Why do Dogs Lick Each Others Ears, Tails and Faces

why do dogs lick each others ears

Dogs love to lick. It’s one of their favorite activities, and they seem to enjoy it almost as much as we do when we get to see them sniff, taste, and explore all their wonderful smells. As with all things dogs, there are some important lessons for humans in it too.

Dogs lick for many different reasons including: A dog might lick another dog if they both have fleas or if the other dog has a dry coat and needs some extra moisture from licking.

They also like to lick because it’s a way for them to taste everything around them and experience what smells good to them. When you read about why dogs lick your ears here you will understand that this is normal behavior for your pup.

Why Do Dogs Lick Other Dogs’ Ears?

Dogs get the pleasure of licking each other’s ears because it’s a great way to get rid of earwax, which can build up in ears over time. Earwax is normal and healthy in dogs and serves the same function in humans and animals that it does for humans – it cleans the ears!

Ears usually have brown or grey wax in them, and this can become yellow or even black from excess earwax. The smell from dirty ears is also reduced when earwax is flushed out with some ear licking.

Ears that aren’t cleaned properly or that have excess earwax will often result in infections or even deafness in dogs.

Why Do Dogs Lick Their Pups?

Dogs will often lick their pups to clean them, remove any debris that the puppy has scratched into the skin, and to provide some extra moisture to his dry skin. Clean ears are more likely to prevent infections and allow dogs to maintain good health more easily.

Clean ears with regular ear cleaning also mean that your pup will hear more clearly and be more likely to hear his owner when he calls him. Puppies that are born with a dry or sensitive skin condition will also benefit from a little extra licking.

Dehydrated or irritated skin can lead to infection and other issues in dogs and cause them great discomfort. Since ears are one of the places where the skin is usually sensitive the licking will help to sooth the skin and protect it from any bacteria or parasites that might be lurking in the dirt.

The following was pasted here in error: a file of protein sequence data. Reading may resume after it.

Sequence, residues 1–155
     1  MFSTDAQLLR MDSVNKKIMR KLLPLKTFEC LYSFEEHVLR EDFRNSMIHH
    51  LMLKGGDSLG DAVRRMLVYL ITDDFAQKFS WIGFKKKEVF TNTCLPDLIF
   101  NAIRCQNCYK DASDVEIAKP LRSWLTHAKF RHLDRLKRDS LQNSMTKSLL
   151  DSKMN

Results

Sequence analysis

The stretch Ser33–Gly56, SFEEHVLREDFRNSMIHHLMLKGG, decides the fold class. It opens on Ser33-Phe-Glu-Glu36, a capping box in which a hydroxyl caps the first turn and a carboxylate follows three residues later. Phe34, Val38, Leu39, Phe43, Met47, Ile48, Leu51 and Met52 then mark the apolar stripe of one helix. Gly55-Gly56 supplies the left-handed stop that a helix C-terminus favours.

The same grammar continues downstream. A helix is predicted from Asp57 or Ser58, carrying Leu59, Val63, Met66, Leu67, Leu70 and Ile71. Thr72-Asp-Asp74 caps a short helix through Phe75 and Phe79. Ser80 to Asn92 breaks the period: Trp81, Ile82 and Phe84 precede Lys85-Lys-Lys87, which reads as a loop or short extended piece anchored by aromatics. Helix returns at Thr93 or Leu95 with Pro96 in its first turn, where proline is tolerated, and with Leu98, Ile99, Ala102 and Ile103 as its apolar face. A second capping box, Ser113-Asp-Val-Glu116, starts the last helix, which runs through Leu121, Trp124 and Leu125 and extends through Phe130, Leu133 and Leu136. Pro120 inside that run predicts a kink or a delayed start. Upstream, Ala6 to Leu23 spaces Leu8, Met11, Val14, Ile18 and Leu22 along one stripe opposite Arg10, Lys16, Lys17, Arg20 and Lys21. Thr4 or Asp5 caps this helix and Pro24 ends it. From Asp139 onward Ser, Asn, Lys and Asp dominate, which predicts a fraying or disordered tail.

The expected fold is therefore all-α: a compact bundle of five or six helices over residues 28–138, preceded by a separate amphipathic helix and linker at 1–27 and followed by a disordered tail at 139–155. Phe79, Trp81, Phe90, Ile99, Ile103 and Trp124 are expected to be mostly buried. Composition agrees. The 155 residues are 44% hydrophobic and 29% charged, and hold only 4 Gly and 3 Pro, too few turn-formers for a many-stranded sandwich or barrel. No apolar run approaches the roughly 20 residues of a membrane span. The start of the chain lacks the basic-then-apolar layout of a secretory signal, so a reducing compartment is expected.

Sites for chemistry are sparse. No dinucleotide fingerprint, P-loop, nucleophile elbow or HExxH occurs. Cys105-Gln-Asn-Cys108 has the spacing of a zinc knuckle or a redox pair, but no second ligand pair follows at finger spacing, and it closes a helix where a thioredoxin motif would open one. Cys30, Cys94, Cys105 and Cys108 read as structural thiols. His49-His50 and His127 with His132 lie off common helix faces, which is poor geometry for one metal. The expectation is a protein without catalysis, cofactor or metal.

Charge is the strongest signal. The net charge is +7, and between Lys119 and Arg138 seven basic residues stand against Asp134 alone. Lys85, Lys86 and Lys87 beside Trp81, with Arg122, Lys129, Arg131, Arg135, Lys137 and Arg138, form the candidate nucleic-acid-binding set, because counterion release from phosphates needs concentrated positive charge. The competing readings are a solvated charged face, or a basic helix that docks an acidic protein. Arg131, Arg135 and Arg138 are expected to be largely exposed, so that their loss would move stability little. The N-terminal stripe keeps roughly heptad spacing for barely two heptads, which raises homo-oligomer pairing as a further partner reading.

Why Do Dogs Lick Other Dogs’ Tails?

Dogs are very clean animals. They groom themselves regularly and will often clean each other’s tails as a way to share their own natural cleaning product in the other’s tail. Since it’s similar to the way that humans and other animals clean each other, it’s likely that it has its roots in a common ancestor.

It’s also likely that it has a practical purpose in the social structure of dogs – humans use the same behavior in order to communicate with each other. Dogs use tail wagging to communicate friendliness, submission, and excitement. Since dogs wag their tails to communicate, it makes sense that they would also lick each other’s tails as a way to communicate as well.

Dogs lick their tails when they’re friendly, like how we do it when we want to say “hi!” or “hello!”. They also do it when they’re submissive to another dog or person and want to show deference.

Why Do Dogs Lick Other Dogs’ Faces?

Dogs are very social animals and will often lick each other’s faces and mouths when they see each other. It’s not just about sharing germs or saliva between them – it’s about bonding and showing kindness between the dogs.

When dogs see each other, they often sniff each other’s bodies and use this to determine if the other is friendly, submissive, or if they are of a different breed and may want to fight the other dog.

This is the same thing that happens when humans meet another person. The first thing we do is check out how they smell and taste – this is how we determine if the other person is friendly to us or not.


Dogs love to lick, and it can be a very affectionate behavior as long as you don’t mind it. There are times when it can be problematic, but most of the time, it’s nothing but sweet. Another thing to remember is that licking is natural and your dog doesn’t mean to offend you!

Dogs lick other dogs to clean and to share saliva, they lick each other’s tails to share cleaning products, and they lick each other’s faces to show affection. It’s important to remember that licking is nothing more than behavior that your dog engages in naturally.

It’s important to remember that it’s nothing more than your dog’s natural behavior and that you shouldn’t be bothered by it.